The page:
16. The Wedding Present – I'm From Further North Than You
The return of the Wedding Present, the band that got me into indie music, was always going to be a marvellous nostalgia trip. What I didn't expect was that, in late 2004's 'Interstate 5' and 2005's 'I'm From Further North Than You', the reformed WPs would produce two of the finest singles of the last few years. This latter was exceptionally lovely, Gedge at his finest, lovelorn and a little bitter. "Yeah, we're the same, in many ways", he sings, "and I admit we had some memorable days", before the pay off. "...But just not very many".

17. Roll Deep Crew – The Avenue
I was so dissapointed that Wiley's career didn't really took off last year, and it looks like the likes of Kano and Lethal Bizzle are only faring slightly better, so it's little surprise that he returned to the scene with a pop record rather than something inaccessible and strange, and so far the strategy seems to be paying off. In At The Deep End is a peculiar, hodge-podge album, as is the lead-off single, 'The Avenue', which finds the crew trading verses over an old Marionettes record. It's such a lovely, straight-forward concept coming after all of Wiley's astonishingly dense production to date, and it works brilliantly.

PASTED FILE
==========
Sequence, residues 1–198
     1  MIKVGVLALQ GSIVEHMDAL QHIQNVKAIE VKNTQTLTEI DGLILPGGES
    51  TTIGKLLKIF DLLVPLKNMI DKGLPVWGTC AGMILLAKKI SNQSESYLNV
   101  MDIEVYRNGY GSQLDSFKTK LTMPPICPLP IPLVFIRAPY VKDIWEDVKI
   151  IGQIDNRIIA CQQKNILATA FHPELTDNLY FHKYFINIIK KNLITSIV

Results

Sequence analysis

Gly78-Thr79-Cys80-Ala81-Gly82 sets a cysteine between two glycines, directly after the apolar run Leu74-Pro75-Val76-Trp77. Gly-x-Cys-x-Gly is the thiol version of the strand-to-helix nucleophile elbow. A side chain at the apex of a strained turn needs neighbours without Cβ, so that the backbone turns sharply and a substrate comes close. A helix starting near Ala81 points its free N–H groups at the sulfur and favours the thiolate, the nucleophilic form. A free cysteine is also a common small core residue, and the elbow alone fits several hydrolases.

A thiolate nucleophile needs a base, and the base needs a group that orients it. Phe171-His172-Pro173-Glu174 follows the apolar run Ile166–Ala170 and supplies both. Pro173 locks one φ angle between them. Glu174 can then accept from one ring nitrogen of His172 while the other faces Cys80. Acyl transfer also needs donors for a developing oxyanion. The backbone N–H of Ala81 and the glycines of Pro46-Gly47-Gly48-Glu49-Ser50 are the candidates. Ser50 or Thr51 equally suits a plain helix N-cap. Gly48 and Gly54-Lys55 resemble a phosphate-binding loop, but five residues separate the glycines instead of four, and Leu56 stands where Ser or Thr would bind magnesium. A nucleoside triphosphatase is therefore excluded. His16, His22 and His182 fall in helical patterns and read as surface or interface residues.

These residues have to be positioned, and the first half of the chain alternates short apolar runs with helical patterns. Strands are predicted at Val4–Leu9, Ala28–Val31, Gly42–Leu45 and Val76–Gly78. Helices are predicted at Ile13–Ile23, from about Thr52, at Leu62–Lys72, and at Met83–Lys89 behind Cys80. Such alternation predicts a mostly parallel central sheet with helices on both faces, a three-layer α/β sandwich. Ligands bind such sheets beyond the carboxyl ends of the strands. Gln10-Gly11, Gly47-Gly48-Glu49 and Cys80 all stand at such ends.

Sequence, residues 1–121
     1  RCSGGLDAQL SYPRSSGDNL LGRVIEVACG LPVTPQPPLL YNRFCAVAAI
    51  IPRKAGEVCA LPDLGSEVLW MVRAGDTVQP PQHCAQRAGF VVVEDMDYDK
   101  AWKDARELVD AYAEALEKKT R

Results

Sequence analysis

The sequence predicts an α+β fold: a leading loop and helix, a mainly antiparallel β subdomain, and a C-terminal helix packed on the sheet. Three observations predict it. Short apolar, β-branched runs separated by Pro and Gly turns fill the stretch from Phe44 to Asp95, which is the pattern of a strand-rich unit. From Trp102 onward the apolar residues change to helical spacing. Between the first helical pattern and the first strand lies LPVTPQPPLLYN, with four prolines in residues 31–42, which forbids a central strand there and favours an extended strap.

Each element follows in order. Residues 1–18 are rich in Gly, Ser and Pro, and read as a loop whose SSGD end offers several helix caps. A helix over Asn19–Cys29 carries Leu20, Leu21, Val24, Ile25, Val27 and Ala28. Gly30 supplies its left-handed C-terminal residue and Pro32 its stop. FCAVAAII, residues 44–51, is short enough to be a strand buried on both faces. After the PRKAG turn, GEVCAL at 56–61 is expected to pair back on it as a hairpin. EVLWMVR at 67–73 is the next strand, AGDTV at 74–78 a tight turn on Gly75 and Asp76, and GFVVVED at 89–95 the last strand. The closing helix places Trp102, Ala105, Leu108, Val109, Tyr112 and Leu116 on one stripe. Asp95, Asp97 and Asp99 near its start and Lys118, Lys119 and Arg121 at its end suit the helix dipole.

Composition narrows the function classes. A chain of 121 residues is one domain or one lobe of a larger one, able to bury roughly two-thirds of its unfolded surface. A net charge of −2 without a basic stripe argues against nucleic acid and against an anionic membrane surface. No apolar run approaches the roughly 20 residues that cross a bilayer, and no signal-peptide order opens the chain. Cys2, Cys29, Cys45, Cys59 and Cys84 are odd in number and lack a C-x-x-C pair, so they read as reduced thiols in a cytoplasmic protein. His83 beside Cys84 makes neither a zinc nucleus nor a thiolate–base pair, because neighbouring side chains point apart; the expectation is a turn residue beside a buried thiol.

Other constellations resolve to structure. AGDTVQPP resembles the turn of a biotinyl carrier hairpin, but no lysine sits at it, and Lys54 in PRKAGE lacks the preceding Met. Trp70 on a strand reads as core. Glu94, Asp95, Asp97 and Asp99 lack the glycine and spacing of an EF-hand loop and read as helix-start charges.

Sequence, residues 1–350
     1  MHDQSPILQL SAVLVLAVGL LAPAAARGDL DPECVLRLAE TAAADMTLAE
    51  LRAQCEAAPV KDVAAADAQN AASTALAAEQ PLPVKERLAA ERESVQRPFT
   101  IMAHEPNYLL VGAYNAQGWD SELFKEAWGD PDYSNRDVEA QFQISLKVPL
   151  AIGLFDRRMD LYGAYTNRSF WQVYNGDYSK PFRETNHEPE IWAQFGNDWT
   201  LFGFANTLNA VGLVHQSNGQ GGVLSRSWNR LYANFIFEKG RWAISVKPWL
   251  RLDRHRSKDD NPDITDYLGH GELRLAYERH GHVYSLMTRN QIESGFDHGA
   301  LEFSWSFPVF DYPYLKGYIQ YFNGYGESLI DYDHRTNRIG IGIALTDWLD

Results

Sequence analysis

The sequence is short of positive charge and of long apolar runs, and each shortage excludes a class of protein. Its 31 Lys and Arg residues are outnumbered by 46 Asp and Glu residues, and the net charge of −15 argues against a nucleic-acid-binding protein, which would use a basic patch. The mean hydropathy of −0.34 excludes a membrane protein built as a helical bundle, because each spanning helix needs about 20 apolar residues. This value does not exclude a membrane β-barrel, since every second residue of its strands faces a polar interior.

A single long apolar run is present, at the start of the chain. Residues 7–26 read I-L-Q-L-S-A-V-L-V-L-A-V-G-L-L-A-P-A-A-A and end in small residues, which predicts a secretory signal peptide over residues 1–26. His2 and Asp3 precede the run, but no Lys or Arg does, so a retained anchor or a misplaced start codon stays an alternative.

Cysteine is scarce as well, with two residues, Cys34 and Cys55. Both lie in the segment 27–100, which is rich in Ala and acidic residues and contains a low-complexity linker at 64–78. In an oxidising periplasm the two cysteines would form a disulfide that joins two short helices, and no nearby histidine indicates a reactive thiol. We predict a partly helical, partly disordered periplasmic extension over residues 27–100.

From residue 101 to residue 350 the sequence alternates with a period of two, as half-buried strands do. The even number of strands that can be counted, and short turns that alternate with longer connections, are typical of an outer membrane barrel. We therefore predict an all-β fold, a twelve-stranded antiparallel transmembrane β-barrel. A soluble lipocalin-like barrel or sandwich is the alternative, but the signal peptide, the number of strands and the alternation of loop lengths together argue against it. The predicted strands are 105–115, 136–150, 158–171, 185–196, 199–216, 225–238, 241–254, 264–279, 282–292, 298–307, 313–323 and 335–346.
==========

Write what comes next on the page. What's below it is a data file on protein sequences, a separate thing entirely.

18. Love Me Like You by the Magic Numbers
Victims of a lot of criticism this year for being, depending on who you believe, another bunch of post-Pet Sounds california pop soundalikes, or just too fat to be worth bothering with, no-one seemed to notice that the Magic Numbers were as indebted to the lovely, frantic indie of The Wedding Present and their C86 comrades as they were to Brian Wilson. For precisely that reason there's lots to love, and 'Love Me Like You' was a fine and underrated pop single.

19. 22 Grand Job by The Rakes
There were few records as unlikeable as the Rakes' disappointing debut this year, but in 'Strasbourg' and '22 Grand Job' they created two excellent, itchy singles. The latter is a minute and a half of ironic angst and is ludicrously exciting. "22 grand job", they chant, "in the city, that sounds nice, that's alright, that's alright".

20. Movement by LCD Soundsystem